Branding toddler education
Pre-school education is seeing the emergence of large organised chains that are investing in branding to create differentiated competitive positioning for themselves, reports Saurabh Turakhia.Updated: May 02, 2008, 00:48 IST
Hyper-competitive times and the availability of more incomes are seeing today’s parents look at pre-school education more seriously. Gone are the days of simple playschools, run by competent housewives in the neighbourhood. They are giving way to the Eurokids and Kidzees of the world. As more organised chains of playschools with sizeable scale dot the country’s landscape, the focus on their branding is bound to gain importance. The beginnings are already in evidence.
Eurokids has 450 playschools and will add another 200 by next year. Kidzee, promoted by Zee, has 418 operational and 120 signed-up playschools. Apart from these two national players, there are strong regional chains like Kangaroo Kids in Mumbai, Shamrock in Delhi, Applekids in Tamil Nadu and a number of others, which may add up to about 30 to 40 chains overall.
Eurokids, in existence since 2001, started off with Mumbai and then spread its network to other states. Uday Mathur, managing director, Eurokids International Pvt Ltd, says, “Branding is getting important in this space. To a consumer, branding is the bridge that builds confidence. Since this is a service industry, branding is all the more important.” The fact that today, pre-school selection by parents is a much more informed and deliberated decision than before, makes branding a serious need as well.
As there is no prescribed syllabus for playschools, there is an opportunity for each of the pre-school chains to differentiate themselves. Remarks Mathur, “Most of the chains promise the same things. Everybody is trying to copy each other.” Eurokids, since its inception, he insists, has positioned itself as ‘The preschool specialist’ and intends to stick to its position.
A Kidzee spokesperson agrees that branding is very important. “Our brand is a promise that we make to our consumer. Kidzee is a brand that promises to the parent that we’ll help identify and nurture the unique potential in their child. We need to stick to that promise since it is integral to our existence, competition or no competition.” He adds that competition also justifies the case for branding as the clutter increases.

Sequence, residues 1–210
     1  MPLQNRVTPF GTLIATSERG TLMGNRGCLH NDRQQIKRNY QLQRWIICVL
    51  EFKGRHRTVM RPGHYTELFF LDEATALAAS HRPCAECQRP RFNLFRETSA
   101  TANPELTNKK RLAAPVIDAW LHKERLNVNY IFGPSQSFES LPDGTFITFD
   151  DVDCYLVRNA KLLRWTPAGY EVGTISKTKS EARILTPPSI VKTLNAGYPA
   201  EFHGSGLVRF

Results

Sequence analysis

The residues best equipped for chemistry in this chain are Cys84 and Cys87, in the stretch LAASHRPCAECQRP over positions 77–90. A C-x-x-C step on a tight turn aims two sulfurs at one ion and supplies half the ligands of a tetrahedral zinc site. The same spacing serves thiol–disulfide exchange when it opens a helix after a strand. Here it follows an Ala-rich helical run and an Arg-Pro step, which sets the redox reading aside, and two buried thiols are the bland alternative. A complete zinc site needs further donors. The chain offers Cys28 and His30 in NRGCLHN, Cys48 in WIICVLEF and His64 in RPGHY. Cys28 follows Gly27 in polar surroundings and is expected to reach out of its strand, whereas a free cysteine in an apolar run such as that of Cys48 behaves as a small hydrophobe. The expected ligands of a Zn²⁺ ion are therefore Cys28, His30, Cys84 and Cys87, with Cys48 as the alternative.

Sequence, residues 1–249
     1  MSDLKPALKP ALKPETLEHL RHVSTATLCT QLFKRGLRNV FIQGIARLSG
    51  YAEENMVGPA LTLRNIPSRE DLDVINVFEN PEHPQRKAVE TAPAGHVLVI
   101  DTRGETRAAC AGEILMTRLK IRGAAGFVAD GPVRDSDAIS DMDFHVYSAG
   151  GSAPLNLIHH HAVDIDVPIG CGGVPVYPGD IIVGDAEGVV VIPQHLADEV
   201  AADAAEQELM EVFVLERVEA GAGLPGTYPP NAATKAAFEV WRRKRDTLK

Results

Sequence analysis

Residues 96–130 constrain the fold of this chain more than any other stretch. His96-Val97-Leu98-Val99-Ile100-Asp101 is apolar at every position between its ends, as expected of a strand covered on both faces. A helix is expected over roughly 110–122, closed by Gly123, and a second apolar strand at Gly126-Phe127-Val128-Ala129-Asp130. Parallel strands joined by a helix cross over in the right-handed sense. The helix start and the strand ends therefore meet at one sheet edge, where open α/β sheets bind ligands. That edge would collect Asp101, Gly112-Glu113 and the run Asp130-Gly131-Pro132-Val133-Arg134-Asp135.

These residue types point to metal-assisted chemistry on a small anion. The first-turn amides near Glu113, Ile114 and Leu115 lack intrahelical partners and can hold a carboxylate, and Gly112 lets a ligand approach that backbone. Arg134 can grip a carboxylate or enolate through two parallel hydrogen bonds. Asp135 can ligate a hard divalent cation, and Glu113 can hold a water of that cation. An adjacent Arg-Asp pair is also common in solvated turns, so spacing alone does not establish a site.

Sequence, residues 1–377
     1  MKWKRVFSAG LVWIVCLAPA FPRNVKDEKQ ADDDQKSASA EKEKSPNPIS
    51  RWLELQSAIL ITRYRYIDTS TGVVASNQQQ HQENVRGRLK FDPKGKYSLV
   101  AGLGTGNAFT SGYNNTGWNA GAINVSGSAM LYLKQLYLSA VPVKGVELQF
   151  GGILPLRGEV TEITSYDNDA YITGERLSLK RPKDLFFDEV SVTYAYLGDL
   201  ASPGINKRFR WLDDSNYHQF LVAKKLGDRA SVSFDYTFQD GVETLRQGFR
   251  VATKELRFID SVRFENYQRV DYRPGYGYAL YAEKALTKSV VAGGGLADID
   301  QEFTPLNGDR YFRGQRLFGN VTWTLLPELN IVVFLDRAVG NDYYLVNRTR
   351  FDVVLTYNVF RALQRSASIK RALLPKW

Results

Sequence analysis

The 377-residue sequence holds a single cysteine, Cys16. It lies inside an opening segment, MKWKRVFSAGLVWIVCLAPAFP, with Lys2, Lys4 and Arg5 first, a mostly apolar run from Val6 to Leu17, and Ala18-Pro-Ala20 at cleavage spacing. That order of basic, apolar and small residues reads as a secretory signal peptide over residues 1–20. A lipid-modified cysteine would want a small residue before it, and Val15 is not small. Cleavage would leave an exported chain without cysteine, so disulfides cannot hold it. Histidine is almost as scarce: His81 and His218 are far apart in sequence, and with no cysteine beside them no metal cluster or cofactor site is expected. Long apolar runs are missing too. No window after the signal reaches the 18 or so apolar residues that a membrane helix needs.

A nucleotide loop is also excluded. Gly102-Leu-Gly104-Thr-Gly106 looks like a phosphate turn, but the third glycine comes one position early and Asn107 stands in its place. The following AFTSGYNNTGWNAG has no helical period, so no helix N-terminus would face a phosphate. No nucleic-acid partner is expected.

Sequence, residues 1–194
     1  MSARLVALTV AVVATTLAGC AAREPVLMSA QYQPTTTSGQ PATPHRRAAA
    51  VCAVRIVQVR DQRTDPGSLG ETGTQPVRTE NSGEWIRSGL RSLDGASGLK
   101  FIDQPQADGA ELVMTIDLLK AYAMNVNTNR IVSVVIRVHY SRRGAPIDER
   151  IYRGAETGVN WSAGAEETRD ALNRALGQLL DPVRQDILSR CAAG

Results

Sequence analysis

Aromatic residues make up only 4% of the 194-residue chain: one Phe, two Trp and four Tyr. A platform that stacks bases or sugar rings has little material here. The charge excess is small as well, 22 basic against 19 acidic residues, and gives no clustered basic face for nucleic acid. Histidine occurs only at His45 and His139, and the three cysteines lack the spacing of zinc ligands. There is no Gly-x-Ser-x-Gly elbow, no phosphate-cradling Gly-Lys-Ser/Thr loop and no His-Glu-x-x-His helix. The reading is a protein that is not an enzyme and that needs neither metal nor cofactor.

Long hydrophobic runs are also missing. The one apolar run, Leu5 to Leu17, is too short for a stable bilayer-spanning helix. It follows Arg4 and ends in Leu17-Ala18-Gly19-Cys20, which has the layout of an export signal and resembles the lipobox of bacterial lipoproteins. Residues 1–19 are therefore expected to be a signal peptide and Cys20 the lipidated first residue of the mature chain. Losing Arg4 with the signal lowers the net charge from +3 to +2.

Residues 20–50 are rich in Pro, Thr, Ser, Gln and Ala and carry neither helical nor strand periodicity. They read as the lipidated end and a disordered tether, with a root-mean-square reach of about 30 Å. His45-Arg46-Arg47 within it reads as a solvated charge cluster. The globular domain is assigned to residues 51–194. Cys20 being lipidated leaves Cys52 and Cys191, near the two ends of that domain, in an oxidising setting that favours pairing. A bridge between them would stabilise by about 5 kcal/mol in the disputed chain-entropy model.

Eurokids started off with an advertising and marketing budget of Rs 2 crore and now spends about 10 per cent of its revenues, which is close to Rs 5-6 crore annually. It typically uses women’s publications such as Femina, Women’s Era or Good Housekeeping for its print advertisements. It also taps television for bigger communications. Mathur adds, “We do promotions at two levels – at a national level when we promote Eurokids as a brand, and at the city level when we advertise admissions or opening of a new branch. For the former, we use television and for the latter, we use print media such as the city editions of prominent newspapers, as well as banners and leaflets.”
The money invested in pre-school education also makes it important for pre-school education chains to establish themselves as brands that deliver value for substantial money. The fees for Eurokids start at Rs 500 per month at the lower end, going up to Rs 3,000 per month for its centers in upmarket locations such as south Mumbai.
Kidzee also makes use of events regularly to promote its brand. Says its spokesperson, “In addition to our regular advertising campaign on TV and Print, we try to associate with events that help nurture talent, be it Sa Re Ga Ma Pa Little Champs or our own Toddler Shows, Talents Hunts and other such programmes.”
A strong consumer demand in the space is fuelled by parents’ urge to give the best pre-school education to their child. Says Santosh Desai, managing director and CEO of Future Brands, “Parents are keen to start giving inputs to their children early in their lives. Organised playschools are a hot segment to keep children occupied while also enabling them to learn a few things.”
Desai insists that the branding wave will only get more intense in the future as the unorganised sector is quite large in this space. Although the space has just started to evolve, there is no doubt that the national players are taking their homework assignments in branding quite seriously.